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Ancient India. By Joey Jen & Patrick. Ancient India social structure and daily life. Gods and Goddesses The gods didn't really have a part in community life. Priests and Scholars They and they were the ones who made the offerings to the gods. The Rajas and Their Noblemen

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Ancient india

Ancient India

By Joey Jen & Patrick

Ancient india

  • Gods and Goddesses

    • The gods didn't really have a part in community life.

  • Priests and Scholars

    • They and they were the ones who made the offerings to the gods.

  • The Rajas and Their Noblemen

    • The Rajas were the people who ruled

      the city and would give the Priests gifts

      so that they would teach them the Vedas.

    • The Noblemen were the people who

      were sent by the Rajas to guard the city. 

  • Merchants, Farmers, Land owners,

    and Craftsmen

    • These were the people who supplied

      the people with food clothing and other goods.

  • Servants, Workers, Wage earners

    • These were the people that served and did the jobs that nobody else wanted to.  These classes were called varnas.

Social level at home
Social level at home

  • Men were the head of the house.

  • The children would be treated very unfairly.

  • They had no say in what happened to them or anyone in the family, and they could be treated any way by their parents, especially their father.

  • The girls were unwanted, and the boys were treated better, and with more respect.

  • Otherswould pray at a temple that their friends and relatives would have boys.

Daily life in the gupta empire
Daily life in The Gupta Empire

  • It was the time of peace and prosperity which led to greatest achievements in the every walk of life.

  • They had religious freedom.

  • Criminals were never put to death. Instead, they were fined for their crimes.

  • Rewards of money were given to writers, artists, and scholars to encourage them to produce wonderful work, and they did.

  • People were paid by the state for welfare projects like building of roads and other public works.

  • Food was vegetarian and non- vegetarian but influence of Jainism and Buddhism saw people eating more vegetables, fruits, cereals, breads, and drink milk.

  • People used to play chess, polo and cards.

    Martial arts including fencing, wrestling

    was very popular among people.

    They went for hunting as well.


  • is a dharmic, non-theistic religion, a philosophy, and a life-enhancing system of psychology.

  • Buddha was born in Lumbini (now in Nepal), and that he died aged around 80 in Kushinagara (India).

  • Eventually, Indian Buddhism became virtually extinct, except in parts of Nepal

  • Southern Buddhism, or Theravada , or Pali Buddhism - practiced mainly in Sri Lanka, Burma, Thailand, Laos, Cambodia and parts of Malaysia, Vietnam, China and Bangladesh (Southeast Asia)

  • Eastern Buddhism, or East Asian Buddhism, or Chinese Buddhism, or Sino-Japanese Buddhism - practiced predominantly in China, Vietnam, Korea, Japan, Singapore and parts of Russia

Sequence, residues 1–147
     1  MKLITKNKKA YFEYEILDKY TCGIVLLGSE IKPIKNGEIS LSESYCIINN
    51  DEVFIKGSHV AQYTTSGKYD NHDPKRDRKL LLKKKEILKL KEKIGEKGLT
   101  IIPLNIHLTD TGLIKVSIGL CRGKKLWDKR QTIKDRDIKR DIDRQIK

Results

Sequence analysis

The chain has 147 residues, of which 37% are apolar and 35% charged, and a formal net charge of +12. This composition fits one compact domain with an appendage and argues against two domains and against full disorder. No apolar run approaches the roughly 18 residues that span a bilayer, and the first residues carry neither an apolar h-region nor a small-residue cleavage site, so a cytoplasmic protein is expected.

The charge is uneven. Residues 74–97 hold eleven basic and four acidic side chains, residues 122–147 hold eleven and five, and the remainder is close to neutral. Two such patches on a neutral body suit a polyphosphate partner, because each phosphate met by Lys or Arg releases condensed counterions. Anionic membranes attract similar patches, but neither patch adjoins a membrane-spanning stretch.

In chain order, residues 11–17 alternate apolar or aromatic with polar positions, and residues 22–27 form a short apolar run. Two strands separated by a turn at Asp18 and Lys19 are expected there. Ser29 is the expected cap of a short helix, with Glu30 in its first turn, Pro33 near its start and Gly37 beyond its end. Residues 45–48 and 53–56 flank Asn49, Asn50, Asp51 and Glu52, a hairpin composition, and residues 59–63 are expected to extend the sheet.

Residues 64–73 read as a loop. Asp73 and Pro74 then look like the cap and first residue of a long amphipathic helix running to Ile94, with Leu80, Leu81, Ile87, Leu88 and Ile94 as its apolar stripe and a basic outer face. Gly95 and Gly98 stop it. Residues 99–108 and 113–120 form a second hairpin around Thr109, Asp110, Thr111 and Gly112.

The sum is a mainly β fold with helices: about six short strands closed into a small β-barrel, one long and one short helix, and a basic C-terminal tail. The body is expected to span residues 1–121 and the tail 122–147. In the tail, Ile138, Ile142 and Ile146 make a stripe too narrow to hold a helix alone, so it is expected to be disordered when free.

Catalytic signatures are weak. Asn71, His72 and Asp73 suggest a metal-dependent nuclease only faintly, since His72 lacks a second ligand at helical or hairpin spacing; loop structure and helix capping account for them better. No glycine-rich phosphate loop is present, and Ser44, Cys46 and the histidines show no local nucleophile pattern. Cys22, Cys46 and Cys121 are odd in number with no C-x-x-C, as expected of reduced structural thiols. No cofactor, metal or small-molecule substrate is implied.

• Northern Buddhism, or Tibetan Buddhism, or Tibeto-Mongolian Buddhism - practiced mainly in Tibet, Mongolia, Bhutan and parts of Nepal, India, China and Russia.

The four noble truths the noble eightfold path
The Four Noble Truths/ The Noble Eightfold Path

  • The Four Noble Truths

  • The Buddha taught that in life there exists in the following places sorrow / suffering which is caused by desire and it can be cured (ceased) by following the Noble Eightfold Path. This teaching is called the Catvāry Āryasatyāni, the "Four Noble Truths".

  • Suffering: Birth is suffering, aging is suffering, illness is suffering, death is suffering; union with what is displeasing is suffering; separation from what is pleasing is suffering; not to get what one wants is suffering; in brief, the five aggregates subject to clinging are suffering.

  • The cause of suffering: The desire which leads to renewed existence (rebirth) (the cycle of samsara)

  • The cessation of suffering: The cessation of desire.

  • The way leading to the cessation of suffering: The Noble Eightfold Path

  • The Noble Eightfold Path is the way to the cessation of suffering, the fourth part of the Four Noble Truths. This is divided into three sections : Sila (which concerns the physical bodily actions), Samadhi (which concerns the 'Conscious' mind) and Panna (which concerns the 'Unconscious' mind).


  • Mughal architecture used by Persians as well as Islamic

  • Mughal architecture began in 1526 during Mughal dynasty under the rule ofemperor Babur

  • during this time that the Taj Mahal was constructed (1648) in Agra, Indiaand Shalimar Gardens

  • characteristics of Mughal architecture:                            -perfect radial or bilateral symmetry                             -marble used for surface                             -garden surrounding the building or temple                             -indentures and carvings on the outer surface of marble stone

  • Historical Significance:

  • many mosques and Islamic and Persian structures built using Mughalarchitecture

  • descriptive carvings leave behind detailed history of what life waslike in ancient India during the 16th century under Mughal reign